The local NAIOP chapter today hosted an event during which Millennials discussed what attracts young people to work and stay at given workplaces and in given places.
The Rio Grande Foundation has long held that while each generation is different in its own way, Millennials look for jobs, reasonable living expenses, and other basic requirements before looking for “cultural fulfillment” and other “feel-good” approaches often preferred by economic-development types. After all, who wants to go through the process of slugging it out for six months or more of hard work to reform real public policy (like local Right to Work in Sandoval County to name one) when you can spend more money on bike lanes and museums?
A presentation (see slide below) at today’s NAIOP meeting seems to indicate a push to further promote those “touchy-feely” approaches to attracting Millennials.
After all, it is relatively “un-enchanting” places like Houston, Dallas, and Phoenix (not to mention Midland and Lubbock) that are attracting more and more young people who are leaving New Mexico. So, by all means, let’s keep New Mexico “enchanting,” but a healthy helping of new jobs driven by economic reforms in Santa Fe would be even better.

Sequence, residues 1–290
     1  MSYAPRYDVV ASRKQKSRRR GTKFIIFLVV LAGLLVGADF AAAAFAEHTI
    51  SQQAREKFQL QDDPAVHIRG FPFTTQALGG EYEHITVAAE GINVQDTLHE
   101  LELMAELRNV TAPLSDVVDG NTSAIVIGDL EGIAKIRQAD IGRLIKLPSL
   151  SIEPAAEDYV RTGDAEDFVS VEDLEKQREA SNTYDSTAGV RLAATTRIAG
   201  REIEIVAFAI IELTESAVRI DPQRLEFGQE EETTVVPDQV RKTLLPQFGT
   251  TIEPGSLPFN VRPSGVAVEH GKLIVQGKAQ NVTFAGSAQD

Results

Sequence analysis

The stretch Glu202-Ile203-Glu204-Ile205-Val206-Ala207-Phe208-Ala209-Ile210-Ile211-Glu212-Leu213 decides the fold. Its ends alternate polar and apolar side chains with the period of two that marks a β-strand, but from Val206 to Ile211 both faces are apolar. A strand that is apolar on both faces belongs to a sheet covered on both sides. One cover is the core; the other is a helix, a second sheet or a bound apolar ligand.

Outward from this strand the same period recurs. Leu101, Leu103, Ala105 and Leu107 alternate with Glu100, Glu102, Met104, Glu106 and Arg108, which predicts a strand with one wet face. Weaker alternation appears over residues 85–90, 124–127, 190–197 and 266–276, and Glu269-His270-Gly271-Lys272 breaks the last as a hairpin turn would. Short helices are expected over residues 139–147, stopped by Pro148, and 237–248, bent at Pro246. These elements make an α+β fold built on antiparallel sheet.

One Reply to “What do those “crazy” Millennials really want?”
I believe neighborhoods make the difference. We need to show Millennials that we can control crime. As president of our neighborhood association, I have established volunteer and hired patrols. APD alone has insufficient resources to control crime. As we move beyond controlling crime, we can focus on beauty and community. Our parks, recreation, and community centers are valuable resources and bring people together in common activities. As we get to know our neighbors, we can support each other in times of need. Raising a generation of educated children with a purpose in life has the potential to eradicate crime at the source.